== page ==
Coming around corner two in the third lap of my first track race I looked down at the competitor to my right. In that brief moment it was as if time stood still. "This is incredible," I thought to myself.
The first race of Friday night was an "unknown distance", a purely sick and twisted way to start. The race turned out to be eight laps, none of us knew how long it would be until the bell lap. I ended up getting second in my first race.
Every Friday at the San Diego Velodrome there are C and D level races. I'll let the reader guess if you start in C or D.
I loved the adrenaline. The adrenaline did not like my diabetes. My blood sugar spiked after the first first race to 280. I gave myself a unit of insulin knowing it wouldn't do much.
The second race was an eight lap points race. I won a lap for a point and got second on the fine lap for two more points, three total for the race. Ended second in that race as well. Confused yet?
My legs shot like I haven't felt since college, when coach was really [really] mad at the baseball team. Slow triathlons are about cramping, this was about full pounding lactic acid. I checked my blood sugar again. Well over 300. I could feel the cotton mouth. I gave myself two more units while letting my legs rest.
Triathlon is so different than this. This isn't participation, no feel good pats on the back, it's actual racing. Once the race starts there is no more time to think about how your legs feel. Time passes like a chess match, each player pounding the clock after a move.
The last race was an eighteen lap points race. Points every six laps. This was more fun than points every lap. I won the first points lap. Sat down on the second points lap without juice in my legs. On the final lap I ended second, eight total points on the race.
The tired feeling felt wonderful. My cotton mouth from a high blood did not.
My blood sugar ended near the same place it started in the final race. I learned a lot and sure won't let high blood sugar slow me down.
The resulting blood sugars reeked havoc on my weekend and sleep. I spoke with the legend himself the following day, Bill Carlson. He gave me wise sage advice on how to keep the blood sugars down this Friday.
Tuesday, June 24, 2014
Tuesday, June 17, 2014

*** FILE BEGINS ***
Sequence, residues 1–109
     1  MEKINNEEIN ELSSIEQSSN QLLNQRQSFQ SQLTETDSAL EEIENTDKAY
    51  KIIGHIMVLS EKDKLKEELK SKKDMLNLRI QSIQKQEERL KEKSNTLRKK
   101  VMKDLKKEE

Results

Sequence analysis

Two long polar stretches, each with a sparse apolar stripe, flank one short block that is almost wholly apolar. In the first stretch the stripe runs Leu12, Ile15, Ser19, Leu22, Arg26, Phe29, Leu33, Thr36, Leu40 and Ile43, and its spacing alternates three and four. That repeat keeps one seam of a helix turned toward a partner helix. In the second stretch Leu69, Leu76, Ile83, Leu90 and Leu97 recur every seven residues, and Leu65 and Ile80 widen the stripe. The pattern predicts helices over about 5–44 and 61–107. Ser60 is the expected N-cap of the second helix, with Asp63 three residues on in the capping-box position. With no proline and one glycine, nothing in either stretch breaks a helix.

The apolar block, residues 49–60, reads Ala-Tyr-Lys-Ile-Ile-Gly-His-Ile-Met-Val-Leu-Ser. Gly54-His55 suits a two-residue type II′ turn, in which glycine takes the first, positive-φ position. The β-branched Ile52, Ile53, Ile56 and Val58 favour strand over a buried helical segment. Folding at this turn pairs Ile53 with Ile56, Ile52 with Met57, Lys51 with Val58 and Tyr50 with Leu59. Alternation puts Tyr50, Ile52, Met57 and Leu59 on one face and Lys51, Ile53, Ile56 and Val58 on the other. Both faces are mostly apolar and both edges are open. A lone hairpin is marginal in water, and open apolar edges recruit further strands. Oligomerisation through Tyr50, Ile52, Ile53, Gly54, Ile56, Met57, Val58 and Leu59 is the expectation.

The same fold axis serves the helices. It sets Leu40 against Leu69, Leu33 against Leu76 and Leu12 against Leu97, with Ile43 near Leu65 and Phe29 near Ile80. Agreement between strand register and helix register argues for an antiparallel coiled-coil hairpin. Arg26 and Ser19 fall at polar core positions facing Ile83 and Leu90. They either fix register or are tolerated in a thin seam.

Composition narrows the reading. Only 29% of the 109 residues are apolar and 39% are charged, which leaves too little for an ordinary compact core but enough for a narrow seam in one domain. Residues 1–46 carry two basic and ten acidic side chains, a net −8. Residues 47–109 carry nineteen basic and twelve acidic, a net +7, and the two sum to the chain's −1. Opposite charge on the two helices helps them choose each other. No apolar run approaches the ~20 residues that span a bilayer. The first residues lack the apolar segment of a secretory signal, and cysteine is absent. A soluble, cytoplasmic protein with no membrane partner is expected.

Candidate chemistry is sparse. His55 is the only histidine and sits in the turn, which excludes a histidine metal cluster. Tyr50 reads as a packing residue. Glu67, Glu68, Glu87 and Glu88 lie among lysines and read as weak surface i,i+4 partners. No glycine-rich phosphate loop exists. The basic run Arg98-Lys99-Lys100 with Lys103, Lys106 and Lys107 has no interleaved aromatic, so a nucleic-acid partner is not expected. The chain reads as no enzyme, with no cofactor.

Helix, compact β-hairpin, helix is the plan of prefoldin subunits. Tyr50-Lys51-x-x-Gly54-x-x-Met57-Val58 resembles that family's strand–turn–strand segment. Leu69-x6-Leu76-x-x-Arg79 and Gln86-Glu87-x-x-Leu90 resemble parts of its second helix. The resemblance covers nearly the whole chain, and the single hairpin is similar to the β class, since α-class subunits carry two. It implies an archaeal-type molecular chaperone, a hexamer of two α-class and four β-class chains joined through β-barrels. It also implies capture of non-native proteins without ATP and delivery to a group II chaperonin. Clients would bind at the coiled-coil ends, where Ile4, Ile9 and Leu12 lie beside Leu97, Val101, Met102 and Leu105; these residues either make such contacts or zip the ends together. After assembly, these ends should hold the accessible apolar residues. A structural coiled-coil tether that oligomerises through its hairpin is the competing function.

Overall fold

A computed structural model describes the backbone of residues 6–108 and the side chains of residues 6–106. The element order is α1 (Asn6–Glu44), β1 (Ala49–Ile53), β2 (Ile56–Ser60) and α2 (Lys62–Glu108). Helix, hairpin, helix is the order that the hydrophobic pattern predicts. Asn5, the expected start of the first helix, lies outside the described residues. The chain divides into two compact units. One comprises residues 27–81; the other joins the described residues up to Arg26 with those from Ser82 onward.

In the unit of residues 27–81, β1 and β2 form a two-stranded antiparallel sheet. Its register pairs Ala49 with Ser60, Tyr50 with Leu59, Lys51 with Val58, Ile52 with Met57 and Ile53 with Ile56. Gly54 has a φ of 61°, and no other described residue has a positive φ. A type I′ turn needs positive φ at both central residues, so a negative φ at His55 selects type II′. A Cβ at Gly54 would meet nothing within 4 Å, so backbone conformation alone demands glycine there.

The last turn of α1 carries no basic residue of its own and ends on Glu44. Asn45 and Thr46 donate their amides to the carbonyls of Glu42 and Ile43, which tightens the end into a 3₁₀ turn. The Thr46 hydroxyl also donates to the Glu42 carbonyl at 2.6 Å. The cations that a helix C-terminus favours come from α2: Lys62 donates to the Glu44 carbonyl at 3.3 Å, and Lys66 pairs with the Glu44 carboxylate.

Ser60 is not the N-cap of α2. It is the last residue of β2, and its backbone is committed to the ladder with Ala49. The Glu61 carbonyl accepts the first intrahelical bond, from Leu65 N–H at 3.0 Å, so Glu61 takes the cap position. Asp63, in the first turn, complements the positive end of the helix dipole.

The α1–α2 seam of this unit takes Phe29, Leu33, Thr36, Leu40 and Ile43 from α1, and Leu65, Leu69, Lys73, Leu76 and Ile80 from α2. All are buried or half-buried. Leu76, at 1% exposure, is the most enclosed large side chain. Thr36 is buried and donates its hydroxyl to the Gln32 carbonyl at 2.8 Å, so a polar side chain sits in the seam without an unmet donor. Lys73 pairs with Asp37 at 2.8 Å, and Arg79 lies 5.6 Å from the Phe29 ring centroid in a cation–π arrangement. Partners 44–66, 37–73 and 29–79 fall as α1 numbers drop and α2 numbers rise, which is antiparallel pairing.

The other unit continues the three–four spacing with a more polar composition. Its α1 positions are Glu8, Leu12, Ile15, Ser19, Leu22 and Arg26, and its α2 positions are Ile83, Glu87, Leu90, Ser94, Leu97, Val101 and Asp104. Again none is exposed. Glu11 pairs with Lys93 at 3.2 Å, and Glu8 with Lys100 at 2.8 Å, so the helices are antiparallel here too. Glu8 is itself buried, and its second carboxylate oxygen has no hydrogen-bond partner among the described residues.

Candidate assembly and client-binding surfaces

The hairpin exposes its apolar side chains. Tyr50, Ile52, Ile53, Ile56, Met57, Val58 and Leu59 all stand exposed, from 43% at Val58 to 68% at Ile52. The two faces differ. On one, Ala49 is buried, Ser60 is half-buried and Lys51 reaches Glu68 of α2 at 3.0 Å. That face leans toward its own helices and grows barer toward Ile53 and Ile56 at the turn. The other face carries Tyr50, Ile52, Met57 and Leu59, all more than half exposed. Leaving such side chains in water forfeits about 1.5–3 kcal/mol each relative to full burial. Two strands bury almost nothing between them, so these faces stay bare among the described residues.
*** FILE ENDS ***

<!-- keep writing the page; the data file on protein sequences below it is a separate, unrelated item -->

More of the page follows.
Jamie opened the freezer to find my running shoes in plastic bags. Taking a step back and giving me a dirty look, “what are these?”
Her eyes looking through me, I knew exactly what she was referencing from across the room. My head down I gave a quick rebuttal, “I heard it gets the smell out, we’re the weird family, we all just have to accept that.”
Keeping her eyes glazed through me, “yeah, I realize that already.”
I found out this week that only 1 in 5,000 people in America have completed an Ironman. I’ve heard marathons are around 2% of the population. Every Monday my boss asks “what did you do this weekend”, each Monday the reply, “rode my bike.” Once he asked how long, I told him seven hours on Saturday. The look on his face said it all. I’ve haven't been asked how long since.
Jamie has talked about trying paddle boarding since we moved to San Diego. She recently started to go to group workouts with a club that does prone paddle board, basically laying on your stomach (or knees) paddling like swimming. If stand up paddle boarding (SUP) is niche, this is uber niche. Everyone in the group is a former high caliber athlete.
That’s why I give her credit for showing up in the first place. It’s not easy being the new person in a group of athletes, even when you’ve been an athlete your entire life.
Last week I finished my six week track cycling class. If road cycling is niche, track cycling is uber niche. There aren't that many velodromes in the country in the first place. I guess that’s the way Jamie and I like it. Thanks to a friend helping me get a track bike I’m going to give racing a try. I love the track; the speed, the contained area, how the community has been so welcoming.
San Diego, the whole area is full of people like Jamie and me. If you want to get outside and make friends doing it, this is the place to be. It’s nice to know you can be part of the niche and not simply be the only weird ones.